/// This method **must** validate that the input `PreparedTransaction` has not been modified.
/// For example, on bitcoin we return the signed transactions on the `PreparedTransaction`,
/// and before writing the transaction we check that the current transaction is equal to the given transaction.
fn query_or_write_transaction(
prepared_transaction: PreparedTransaction,
) -> Result<L1WriteResult, L1WriteTransactionError>;

/// Description of how to build a transaction deterministically.
/// There should be a one to one correspondance between `PreparedTransaction` and `L1 Transaction`.
#[derive(Clone, Debug, Serialize, Deserialize)]
pub enum PreparedTransaction {

/// Subtype of [PreparedTransaction].
/// This would allow to remove this.
#[derive(Clone, Debug, Serialize, Deserialize)]
pub struct BitcoinPreparedTransaction {
network: NetworkName,
data: Vec<u8>,
change_address: Address,
spent_utxos: Vec<UTXO>,
fee_rate: FeeRate,
salt: [u8; 6],
first_txid: bitcoin::Txid,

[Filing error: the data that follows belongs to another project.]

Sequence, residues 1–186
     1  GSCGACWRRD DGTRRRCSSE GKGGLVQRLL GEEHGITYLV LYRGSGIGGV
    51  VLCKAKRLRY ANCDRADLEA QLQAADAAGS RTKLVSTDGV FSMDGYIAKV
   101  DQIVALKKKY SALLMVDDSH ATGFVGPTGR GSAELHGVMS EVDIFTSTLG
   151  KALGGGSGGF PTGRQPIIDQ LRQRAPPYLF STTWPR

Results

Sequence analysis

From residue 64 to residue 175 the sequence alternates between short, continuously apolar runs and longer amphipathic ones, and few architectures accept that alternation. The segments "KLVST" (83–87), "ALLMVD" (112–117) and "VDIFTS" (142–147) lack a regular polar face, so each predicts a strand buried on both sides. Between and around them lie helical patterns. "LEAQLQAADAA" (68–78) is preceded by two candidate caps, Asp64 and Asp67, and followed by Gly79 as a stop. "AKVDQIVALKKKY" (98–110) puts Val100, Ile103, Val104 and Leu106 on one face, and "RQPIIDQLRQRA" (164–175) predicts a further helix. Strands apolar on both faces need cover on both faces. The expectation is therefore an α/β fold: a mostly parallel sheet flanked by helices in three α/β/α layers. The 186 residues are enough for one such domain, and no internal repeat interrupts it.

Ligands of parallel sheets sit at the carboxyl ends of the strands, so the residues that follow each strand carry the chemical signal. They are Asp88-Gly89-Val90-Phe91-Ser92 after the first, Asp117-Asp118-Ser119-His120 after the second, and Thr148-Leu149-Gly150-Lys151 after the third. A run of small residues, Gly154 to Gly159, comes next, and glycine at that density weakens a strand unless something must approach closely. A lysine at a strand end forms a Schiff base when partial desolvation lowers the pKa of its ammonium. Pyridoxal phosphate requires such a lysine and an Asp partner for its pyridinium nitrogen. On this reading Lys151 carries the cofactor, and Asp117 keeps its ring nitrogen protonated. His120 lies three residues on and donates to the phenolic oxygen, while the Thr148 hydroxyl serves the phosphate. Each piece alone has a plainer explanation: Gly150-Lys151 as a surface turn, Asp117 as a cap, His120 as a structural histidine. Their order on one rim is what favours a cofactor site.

second_txid: bitcoin::Txid,

/// Subtype of [PreparedTransaction].
#[derive(Clone, Debug, Serialize, Deserialize)]
pub struct EthereumPreparedTransaction {
network: NetworkName,
// TODO fill the rest of attributes

/// Type alias for the accounts.
pub type Accounts = HashMap<Address, L1AccountInfo>;

/// Information associated to each of ours account.
#[derive(Clone, Debug, PartialEq, Eq, PartialOrd, Ord, Serialize, Deserialize)]
pub struct L1AccountInfo {
// TODO change to AmountGQL
balance: u64,
confirmed_utxos: usize,

/// Writing result
#[derive(Clone, Debug, Serialize, Deserialize)]
pub struct L1TransactionResult {
l1_network: NetworkName,
l1_txid: Txid,
fees_paid_as_satoshis: u64,
raw_input: Vec<u8>,
accounts: Accounts,

/// Query result
#[derive(Clone, Debug, Serialize, Deserialize)]
pub struct L1TransactionStatus {